Wednesday, February 13, 2008

Who's to Blame? Teacher Unions

It is ironic that the biggest obstacle in the path to better schools is the teachers' unions. How outrageous of them to work their diabolical magic against the very people whom they should benefit: the students and the community. But no, the unions have created a situation that has now reached a point at which the schools cannot be fixed.

Before about the year 1960, the NEA was an association of teachers who worked in the public schools. But that year, it became a labor union instead. Its purpose changed from trying to do a good job to trying to take the maximum money from the community. Since then, while teachers' pay has risen sharply, the biggest winners have been the negotiators and union staff who work behind the scenes, jacking up the price of everything the schools do, while having zero interest in the quality of education that results. Unions want one thing: more money for less work. In public schools, they are performing flawlessly.

For example: the unions have arranged for the inability of schools to fire the worst teachers while preventing the creation of incentives for decent teachers to improve their skills and knowledge, and thus their pay. The result of those twin measures is that the schools are moving steadily in what has been called, "The race to the bottom." The bad teachers stay while the best ones routinely quit, resulting in the steady decline in the quality of the public schools.

The micromanaging of teachers' days, the insistence on "certification," the constant pressing for more and more counter-productive rules, stonewalling all reforms, and more drive up the costs of public schooling. To prove my point, the CT NEA printed its list of one hundred seventy-four demands that its negotiators had ready as they went into teacher-pay negotiations with local school districts. The local school boards have literally no chance in negotiations with union pros when their meager requests (such as "will the teachers accept a little accountability for their work, please?") are met with such force.

Julia Steiny, a columnist for the Providence Journal (RI), shed much light on the problem this week. She noted that the roots of the problem go back to the early days when teacher unions asked the advice of automotive industry unions. She wrote, "In an unfortunate accident of history, the labor contracts that won decent pay for teachers also cemented into place a factory-model design for schooling. Blue-collar labor contracts spell out and limit a worker's obligations on the factory floor, or in this case a classroom, as if teachers were as interchangeable as die-press operators."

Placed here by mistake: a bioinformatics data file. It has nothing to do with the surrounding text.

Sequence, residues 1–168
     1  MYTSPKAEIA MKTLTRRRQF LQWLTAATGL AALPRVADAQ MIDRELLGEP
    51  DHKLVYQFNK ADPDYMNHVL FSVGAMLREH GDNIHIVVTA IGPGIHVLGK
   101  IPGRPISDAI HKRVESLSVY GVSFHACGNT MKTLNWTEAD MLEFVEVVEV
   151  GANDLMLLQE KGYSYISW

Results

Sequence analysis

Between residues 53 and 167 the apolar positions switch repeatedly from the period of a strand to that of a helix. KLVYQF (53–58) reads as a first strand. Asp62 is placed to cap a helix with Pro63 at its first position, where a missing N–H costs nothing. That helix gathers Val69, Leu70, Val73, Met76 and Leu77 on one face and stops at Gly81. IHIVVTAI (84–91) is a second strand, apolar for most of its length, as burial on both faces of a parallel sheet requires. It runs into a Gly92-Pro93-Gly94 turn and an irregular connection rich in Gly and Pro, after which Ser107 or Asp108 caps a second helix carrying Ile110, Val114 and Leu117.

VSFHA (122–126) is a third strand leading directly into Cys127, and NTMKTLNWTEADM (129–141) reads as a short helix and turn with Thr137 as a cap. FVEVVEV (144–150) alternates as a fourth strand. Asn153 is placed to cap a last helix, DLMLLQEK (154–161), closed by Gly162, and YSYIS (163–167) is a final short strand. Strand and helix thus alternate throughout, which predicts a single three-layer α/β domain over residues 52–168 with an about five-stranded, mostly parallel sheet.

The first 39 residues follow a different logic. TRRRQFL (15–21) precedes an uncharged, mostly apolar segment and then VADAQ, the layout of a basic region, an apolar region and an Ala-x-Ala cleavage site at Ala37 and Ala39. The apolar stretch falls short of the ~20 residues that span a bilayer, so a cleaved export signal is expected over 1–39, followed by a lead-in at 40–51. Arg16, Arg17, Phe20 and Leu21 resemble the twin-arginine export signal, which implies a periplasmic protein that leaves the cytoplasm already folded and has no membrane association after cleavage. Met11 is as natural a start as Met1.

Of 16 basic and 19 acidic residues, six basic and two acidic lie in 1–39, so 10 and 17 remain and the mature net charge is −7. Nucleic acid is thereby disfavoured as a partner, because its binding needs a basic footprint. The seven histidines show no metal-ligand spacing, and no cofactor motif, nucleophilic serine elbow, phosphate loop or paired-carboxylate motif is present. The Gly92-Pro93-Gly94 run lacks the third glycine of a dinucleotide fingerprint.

Little has changed. Steiny quotes a former superintendent in RI: "The unions...are running the whole country into the ground because they can't get it through their heads that the reason for our financial problems is at least in part due to us trying to keep up with their demands." She concludes, "The whole negotiating process, using a model designed for blue-collar jobs, is painfully obsolete, seriously impeding academic improvement and, most important, stealing resources from the kids."

It just might be time to start over in education.


christinemm said...

This is true.

I learned that the teacher's unions were a big problem when I was on the town council, an elected position.

I learned that here in CT we have binding arbitration. The town felt at the time, that when the teachers asked for a certain raise, that if we did not grant it, they would take us to 'binding arbitration'. This is a process in which the town would have to hire a lawyer or use the time of their staff lawyer. Then the union was represented by a RETIRED TEACHER. Can you say bias?